'I'm copying my own obituary," she said nonchalantly while I was waiting to use the library copy machine.
I was astonished by her frankness to a complete stranger. Feeling stunned and awkward wondering how to respond, I replied, "That's a good idea. You will have printed what you want to say about yourself."
"Yes, I am an English teacher. I want things said the right way. It makes people uncomfortable, though, when I tell them. I met with the funeral director a few weeks ago and he was shaken by my desire to make arrangements. He was young and new in the business. He wasn't expecting someone like me to show up. I have a disease. It's something we all avoid you know."
She fumbled with ten or eleven sheets of handwritten papers, shuffling them occasionally, trying to get them in order. She spread two file folders all over the work table next to the copier.
"Do you know how to work the machine?" she asked.
I showed her the simplest way to copy many pages.
"I'll move fast. I'm as fast as General Motors."
I stood back to take in this woman who opened her life to me in a minute. She was tan and healthy-looking, medium-built, about mid-seventies. She wore a black baseball cap, white knit top, black jeans and tennis shoes.
While a stack of papers went through the machine, she continued to shuffle more papers.
"May I help you organize these?" I volunteered stepping over to the table where she was working.
"Well, those papers are my husband's obituary. These are mine. You take his, and I'll work on mine."
The pages were numbered, so I put them in order.
"These are ready," I said handing her the stack.
"You go ahead and do your copying while I finish getting these in order."
I copied five pages from a book, and noticed she was still shuffling papers unable to reach any sense of organization.
"I'm done." I said.
Reading a magazine I heard one of the librarians announced the library was closing in five minutes. I had not paid for my five pages.Returning the magazine to the shelf, I glanced over at the woman who was still at the copier struggling with multiple pages.
"How many copies are you making?" I asked.
"I'll add your twenty-four copies to my five and pay for both. The library is closing in one minute." She looked at me surprised, moving the papers all over the table once again.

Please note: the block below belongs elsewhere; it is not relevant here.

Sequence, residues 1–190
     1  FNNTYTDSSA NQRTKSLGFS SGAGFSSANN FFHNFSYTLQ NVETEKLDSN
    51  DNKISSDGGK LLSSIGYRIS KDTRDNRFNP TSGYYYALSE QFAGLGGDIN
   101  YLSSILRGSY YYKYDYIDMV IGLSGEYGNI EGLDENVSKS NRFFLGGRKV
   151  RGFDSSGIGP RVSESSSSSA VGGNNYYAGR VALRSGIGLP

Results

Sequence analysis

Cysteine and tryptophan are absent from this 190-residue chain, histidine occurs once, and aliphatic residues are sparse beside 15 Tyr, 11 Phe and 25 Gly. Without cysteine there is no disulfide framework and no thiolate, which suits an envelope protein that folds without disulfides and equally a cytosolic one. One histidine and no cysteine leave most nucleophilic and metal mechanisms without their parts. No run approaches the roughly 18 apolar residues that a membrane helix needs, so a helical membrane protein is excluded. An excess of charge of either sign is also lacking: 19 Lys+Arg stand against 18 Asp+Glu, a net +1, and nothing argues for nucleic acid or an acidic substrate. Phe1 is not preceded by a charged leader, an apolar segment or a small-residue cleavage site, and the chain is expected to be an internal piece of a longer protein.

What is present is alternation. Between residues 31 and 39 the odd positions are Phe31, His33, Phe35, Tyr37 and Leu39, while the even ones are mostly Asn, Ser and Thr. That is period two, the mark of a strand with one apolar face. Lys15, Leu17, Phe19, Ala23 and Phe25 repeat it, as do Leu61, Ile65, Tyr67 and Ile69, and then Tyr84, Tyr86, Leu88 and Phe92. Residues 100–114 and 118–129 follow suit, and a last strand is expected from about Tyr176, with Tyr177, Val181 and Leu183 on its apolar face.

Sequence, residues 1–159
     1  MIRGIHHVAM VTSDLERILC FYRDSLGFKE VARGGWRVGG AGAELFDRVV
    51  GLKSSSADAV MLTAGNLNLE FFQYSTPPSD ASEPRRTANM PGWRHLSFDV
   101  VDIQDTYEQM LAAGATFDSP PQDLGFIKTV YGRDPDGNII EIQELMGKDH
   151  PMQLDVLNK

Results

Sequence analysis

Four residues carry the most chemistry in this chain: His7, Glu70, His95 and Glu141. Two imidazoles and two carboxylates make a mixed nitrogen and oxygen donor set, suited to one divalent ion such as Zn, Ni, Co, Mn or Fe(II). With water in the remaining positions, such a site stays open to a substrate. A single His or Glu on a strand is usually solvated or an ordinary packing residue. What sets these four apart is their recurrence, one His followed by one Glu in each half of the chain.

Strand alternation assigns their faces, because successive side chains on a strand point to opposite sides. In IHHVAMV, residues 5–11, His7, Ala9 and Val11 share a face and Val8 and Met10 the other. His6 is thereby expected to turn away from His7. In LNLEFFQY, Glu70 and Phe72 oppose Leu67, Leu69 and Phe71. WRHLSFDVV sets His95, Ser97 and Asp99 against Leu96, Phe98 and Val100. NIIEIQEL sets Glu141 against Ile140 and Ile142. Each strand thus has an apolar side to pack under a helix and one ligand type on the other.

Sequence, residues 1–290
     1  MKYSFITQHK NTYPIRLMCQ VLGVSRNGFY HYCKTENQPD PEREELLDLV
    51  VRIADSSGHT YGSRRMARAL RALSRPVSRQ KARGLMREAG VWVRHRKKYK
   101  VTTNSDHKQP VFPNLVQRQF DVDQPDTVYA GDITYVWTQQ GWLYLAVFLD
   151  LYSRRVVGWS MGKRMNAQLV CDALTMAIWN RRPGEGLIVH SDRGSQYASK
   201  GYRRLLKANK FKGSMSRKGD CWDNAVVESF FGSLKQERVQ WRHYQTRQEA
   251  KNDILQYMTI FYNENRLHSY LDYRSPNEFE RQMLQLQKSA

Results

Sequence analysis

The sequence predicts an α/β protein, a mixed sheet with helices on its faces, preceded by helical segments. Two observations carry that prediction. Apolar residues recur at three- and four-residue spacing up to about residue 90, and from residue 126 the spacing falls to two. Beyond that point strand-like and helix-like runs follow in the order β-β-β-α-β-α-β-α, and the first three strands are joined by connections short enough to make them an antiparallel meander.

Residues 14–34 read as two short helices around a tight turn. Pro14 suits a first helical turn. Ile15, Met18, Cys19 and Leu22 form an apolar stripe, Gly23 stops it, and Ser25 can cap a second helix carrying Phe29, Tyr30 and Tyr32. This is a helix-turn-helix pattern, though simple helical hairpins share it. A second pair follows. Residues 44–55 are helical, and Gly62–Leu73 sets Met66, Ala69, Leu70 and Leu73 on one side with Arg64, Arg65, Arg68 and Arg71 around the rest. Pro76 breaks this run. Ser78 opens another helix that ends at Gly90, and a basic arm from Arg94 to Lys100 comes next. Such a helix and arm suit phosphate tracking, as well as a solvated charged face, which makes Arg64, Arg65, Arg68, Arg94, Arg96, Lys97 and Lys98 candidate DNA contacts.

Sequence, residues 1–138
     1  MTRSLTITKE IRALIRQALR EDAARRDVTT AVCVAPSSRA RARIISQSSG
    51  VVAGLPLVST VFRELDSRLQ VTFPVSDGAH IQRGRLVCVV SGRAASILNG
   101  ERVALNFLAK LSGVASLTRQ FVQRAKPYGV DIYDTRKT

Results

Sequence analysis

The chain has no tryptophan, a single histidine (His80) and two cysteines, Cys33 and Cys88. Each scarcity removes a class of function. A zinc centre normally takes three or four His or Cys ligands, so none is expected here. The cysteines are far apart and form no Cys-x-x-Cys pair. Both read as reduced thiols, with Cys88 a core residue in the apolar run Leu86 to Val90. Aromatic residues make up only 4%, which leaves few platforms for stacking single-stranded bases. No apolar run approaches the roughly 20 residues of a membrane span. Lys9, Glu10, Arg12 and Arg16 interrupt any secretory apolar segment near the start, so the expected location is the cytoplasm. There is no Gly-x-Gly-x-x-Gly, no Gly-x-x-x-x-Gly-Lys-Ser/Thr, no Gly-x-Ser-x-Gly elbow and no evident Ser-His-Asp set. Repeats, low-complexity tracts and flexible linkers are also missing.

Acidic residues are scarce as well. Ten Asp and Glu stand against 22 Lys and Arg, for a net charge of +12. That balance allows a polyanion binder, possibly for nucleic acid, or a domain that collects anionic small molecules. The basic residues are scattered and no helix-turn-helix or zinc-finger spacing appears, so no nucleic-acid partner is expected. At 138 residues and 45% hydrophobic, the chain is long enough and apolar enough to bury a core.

Eight hours earlier, I heard a sermon during the morning worship service at the Chautauqua Institute in western New York, where I was vacationing, by the Rev. Dr. Allen Boesak, an activist born and raised in South Africa, currently teaching at Christian Theological Seminary and Butler University. He introduced the idea of prophetic faithfulness which interrupts the flow of evil for the reality of truth in the reign of God. He continued, "God wills peace, justice and wholeness."
Boesak challenged the congregation, "Don't worry if you can't save the world. Every act of compassion and justice - every embrace of one who is despised - saves one life. Interrupt the work of evil and bring the light of God's love and mercy to just one life."
I remembered Allen Boesak's words as I listened to the woman talk about her impending death. The evil in her life was an unnamed disease to which she referred several times. I did not know her name, but I saw her as a woman determined to leave her own legacy about her life for friends, family, and anyone else who will read her obituary. I can't visit during her funeral calling, but I wanted to express compassion for her circumstances. I pray my actions, "made the face of Christ shine" as Allen Boesak concluded happens when we take the time for one life.
God we are surrounded by many lives wherever we go. Bring us to awareness of those who have needs and guide us to respond however we can. Amen.